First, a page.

Lawrence v. Texas was a landmark case,[1] decided in the Supreme Court of the United States on June 26, 2003, that ruled sodomy bans between private, consenting adults were unconstitutional.[2]

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The case originated in the state of Texas in 1998, when John Geddes Lawrence, Jr. and Tyron Garner were criminally charged under a "Homosexual Conduct" statute that stated it was a violation of the law if someone "engages in deviate sexual intercourse with another individual of the same sex".[3] Garner and Lawrence were arrested by sheriff's deputies in Harris County, Texas, and each were accused of having "engaged in deviate sexual conduct namely, anal sex, with another man."[1]

Lawrence and Garner were represented by Lambda Legal. After the court refused to dismiss the case against them, their attorneys appealed to the case to the Texas Fourteenth Court of Appeals in 1999. A three-judge panel originally ruled in 2000 that the case violated the state and federal constitutions, but a subsequent review by that court in 2001 overturned the prior decision. Lawrence and Garner's attorneys then appealed at the state level in 2002 for the Texas Court of Criminal Appeals to review the case; the request was denied. The Lambda Legal attorneys then petitioned the U.S. Supreme Court to consider:[1]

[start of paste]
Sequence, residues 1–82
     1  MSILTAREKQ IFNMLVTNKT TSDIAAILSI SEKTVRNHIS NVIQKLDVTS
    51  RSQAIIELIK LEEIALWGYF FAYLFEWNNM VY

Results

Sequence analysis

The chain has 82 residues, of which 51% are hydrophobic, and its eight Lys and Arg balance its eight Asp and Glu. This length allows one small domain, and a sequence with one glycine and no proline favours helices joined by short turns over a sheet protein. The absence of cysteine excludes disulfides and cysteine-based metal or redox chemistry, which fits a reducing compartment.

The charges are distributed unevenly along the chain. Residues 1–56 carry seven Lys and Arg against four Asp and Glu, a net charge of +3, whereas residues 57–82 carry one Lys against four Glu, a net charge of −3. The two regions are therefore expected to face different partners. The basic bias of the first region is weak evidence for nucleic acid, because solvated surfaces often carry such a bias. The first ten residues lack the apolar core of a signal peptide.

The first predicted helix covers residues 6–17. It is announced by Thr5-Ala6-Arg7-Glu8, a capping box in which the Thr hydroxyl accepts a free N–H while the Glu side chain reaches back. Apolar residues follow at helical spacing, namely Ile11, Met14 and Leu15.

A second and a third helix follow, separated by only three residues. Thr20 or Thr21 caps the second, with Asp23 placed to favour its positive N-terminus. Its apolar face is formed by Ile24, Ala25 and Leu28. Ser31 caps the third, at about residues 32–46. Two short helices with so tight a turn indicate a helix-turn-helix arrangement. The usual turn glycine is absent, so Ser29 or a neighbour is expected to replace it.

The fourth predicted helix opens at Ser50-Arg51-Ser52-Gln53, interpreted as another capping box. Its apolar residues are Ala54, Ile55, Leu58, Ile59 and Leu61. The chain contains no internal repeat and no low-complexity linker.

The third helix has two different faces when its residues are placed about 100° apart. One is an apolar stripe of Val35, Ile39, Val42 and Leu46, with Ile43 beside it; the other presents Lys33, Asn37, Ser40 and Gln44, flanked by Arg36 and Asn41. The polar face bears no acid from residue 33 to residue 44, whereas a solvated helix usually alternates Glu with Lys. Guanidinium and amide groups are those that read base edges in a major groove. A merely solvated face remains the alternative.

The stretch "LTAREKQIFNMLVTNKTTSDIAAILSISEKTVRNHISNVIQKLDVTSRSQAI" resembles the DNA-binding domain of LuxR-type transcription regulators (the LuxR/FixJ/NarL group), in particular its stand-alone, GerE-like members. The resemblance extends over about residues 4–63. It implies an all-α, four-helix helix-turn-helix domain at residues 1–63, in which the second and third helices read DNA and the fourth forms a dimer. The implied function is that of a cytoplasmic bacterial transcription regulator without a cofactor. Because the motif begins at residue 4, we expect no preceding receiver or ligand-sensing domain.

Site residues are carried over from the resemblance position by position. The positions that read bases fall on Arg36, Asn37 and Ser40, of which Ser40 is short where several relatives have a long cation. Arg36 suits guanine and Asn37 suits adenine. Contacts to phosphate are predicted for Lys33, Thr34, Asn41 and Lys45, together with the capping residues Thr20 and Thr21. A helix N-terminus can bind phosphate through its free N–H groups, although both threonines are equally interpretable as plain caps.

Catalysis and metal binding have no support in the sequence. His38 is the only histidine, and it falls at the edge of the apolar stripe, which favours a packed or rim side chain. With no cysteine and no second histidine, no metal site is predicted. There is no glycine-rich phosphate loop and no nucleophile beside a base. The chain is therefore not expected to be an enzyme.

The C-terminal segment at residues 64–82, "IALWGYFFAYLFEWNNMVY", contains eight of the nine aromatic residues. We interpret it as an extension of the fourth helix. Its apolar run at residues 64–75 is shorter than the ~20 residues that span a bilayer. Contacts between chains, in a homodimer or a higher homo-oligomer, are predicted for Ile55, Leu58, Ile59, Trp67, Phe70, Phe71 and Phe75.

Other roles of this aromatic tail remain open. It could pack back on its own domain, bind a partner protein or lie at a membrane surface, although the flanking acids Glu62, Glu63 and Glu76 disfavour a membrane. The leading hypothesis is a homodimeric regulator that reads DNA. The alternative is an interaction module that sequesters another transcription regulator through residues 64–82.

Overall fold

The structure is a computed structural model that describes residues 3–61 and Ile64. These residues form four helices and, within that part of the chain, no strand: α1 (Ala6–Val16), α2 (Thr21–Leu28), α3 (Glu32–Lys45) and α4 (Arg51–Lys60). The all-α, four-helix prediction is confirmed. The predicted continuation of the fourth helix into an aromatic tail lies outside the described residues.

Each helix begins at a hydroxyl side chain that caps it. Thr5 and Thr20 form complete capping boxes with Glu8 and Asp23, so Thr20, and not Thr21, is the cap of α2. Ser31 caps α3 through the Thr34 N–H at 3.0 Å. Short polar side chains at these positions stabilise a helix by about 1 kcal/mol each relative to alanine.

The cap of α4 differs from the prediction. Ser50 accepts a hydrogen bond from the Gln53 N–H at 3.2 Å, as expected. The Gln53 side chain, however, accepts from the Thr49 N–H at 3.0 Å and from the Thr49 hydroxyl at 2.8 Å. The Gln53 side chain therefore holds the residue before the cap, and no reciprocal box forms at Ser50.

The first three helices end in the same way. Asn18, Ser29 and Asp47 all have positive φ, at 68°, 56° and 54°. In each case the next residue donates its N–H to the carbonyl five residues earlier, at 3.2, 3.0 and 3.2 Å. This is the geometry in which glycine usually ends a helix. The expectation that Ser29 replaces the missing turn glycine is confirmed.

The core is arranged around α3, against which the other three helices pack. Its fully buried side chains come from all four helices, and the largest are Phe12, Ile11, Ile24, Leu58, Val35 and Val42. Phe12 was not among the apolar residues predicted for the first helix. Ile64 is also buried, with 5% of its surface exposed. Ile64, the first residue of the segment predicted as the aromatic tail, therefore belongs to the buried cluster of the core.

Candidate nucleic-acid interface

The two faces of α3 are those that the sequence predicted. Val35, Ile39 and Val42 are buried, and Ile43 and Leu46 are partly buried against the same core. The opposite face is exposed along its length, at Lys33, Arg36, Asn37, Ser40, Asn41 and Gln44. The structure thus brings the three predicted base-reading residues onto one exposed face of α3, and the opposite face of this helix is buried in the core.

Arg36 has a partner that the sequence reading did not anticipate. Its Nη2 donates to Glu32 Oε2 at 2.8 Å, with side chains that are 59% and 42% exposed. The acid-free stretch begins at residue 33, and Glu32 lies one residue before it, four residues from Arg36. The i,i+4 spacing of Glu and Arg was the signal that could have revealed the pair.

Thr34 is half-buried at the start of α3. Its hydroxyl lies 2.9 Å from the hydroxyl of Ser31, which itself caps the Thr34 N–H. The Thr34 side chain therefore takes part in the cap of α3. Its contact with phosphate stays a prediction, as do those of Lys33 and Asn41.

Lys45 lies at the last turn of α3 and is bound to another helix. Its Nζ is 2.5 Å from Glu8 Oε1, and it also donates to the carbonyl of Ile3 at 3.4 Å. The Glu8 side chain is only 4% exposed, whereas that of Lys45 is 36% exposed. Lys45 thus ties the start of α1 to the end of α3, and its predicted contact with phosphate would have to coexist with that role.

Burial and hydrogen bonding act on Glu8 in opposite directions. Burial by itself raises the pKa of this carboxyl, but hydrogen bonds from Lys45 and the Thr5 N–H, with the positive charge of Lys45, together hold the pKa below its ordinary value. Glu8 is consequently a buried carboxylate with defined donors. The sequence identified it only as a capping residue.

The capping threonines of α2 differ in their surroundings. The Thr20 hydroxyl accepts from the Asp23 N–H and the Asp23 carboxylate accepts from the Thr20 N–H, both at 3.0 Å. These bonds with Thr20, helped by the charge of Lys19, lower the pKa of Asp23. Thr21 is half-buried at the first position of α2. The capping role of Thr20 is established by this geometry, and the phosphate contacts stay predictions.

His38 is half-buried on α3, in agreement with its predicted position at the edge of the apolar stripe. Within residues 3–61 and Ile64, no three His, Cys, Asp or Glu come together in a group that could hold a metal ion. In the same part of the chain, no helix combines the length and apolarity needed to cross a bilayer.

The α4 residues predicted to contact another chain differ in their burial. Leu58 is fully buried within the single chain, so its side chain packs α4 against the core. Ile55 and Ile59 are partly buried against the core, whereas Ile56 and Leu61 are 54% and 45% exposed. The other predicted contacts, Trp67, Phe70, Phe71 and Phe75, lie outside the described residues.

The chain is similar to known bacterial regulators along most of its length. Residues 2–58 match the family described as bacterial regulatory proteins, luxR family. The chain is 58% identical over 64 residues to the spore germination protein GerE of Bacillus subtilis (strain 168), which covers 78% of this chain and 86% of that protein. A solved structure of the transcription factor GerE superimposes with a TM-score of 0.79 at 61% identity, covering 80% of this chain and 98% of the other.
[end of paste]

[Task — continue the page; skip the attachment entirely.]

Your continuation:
1. If criminal convictions under Texas' "Homosexual Conduct" law, which criminalized same-sex couples for behavior that was legal for different-sex couples, violated the guarantee of equal protection under the Fourteenth Amendment;
  2. If criminal convictions for adult consensual sexual intimacy in their home violated their vital interests in liberty and privacy as protected by the Due Process Clause of the Fourteenth Amendment; and
  3. If the prior decision in Bowers v. Hardwick should be overruled.



  1. 1.0 1.1 1.2 "Lawrence v. Texas" by Krystyna Blokhina Gilkis, Legal Information Institute on <>. Published by Cornell Law School. (no backup information provided)
  2. "Supreme Court Strikes Down Texas Law Banning Sodomy" by The Associated Press on <>. Published 2003-06-26 by The New York Times. (no backup information provided)
  3. "Penal Code Chapter 21. Sexual Offenses" on <>. Published by Texas Legislature. (no backup information provided)